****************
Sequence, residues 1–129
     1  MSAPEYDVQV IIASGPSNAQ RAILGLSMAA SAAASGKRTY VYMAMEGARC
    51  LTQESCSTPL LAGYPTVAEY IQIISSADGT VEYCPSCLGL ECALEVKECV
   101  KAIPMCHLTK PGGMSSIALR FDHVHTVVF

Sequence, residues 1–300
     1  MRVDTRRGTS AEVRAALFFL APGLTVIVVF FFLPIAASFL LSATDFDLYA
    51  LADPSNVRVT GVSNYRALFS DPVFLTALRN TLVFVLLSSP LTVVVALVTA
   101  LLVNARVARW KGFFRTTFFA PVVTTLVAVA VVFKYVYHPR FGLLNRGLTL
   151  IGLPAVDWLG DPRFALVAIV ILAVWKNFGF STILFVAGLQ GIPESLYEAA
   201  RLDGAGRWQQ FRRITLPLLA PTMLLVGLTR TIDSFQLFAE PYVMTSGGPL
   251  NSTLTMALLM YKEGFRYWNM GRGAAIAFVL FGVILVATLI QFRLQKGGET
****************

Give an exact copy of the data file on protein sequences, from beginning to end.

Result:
Sequence, residues 1–129
     1  MSAPEYDVQV IIASGPSNAQ RAILGLSMAA SAAASGKRTY VYMAMEGARC
    51  LTQESCSTPL LAGYPTVAEY IQIISSADGT VEYCPSCLGL ECALEVKECV
   101  KAIPMCHLTK PGGMSSIALR FDHVHTVVF

Sequence, residues 1–300
     1  MRVDTRRGTS AEVRAALFFL APGLTVIVVF FFLPIAASFL LSATDFDLYA
    51  LADPSNVRVT GVSNYRALFS DPVFLTALRN TLVFVLLSSP LTVVVALVTA
   101  LLVNARVARW KGFFRTTFFA PVVTTLVAVA VVFKYVYHPR FGLLNRGLTL
   151  IGLPAVDWLG DPRFALVAIV ILAVWKNFGF STILFVAGLQ GIPESLYEAA
   201  RLDGAGRWQQ FRRITLPLLA PTMLLVGLTR TIDSFQLFAE PYVMTSGGPL
   251  NSTLTMALLM YKEGFRYWNM GRGAAIAFVL FGVILVATLI QFRLQKGGET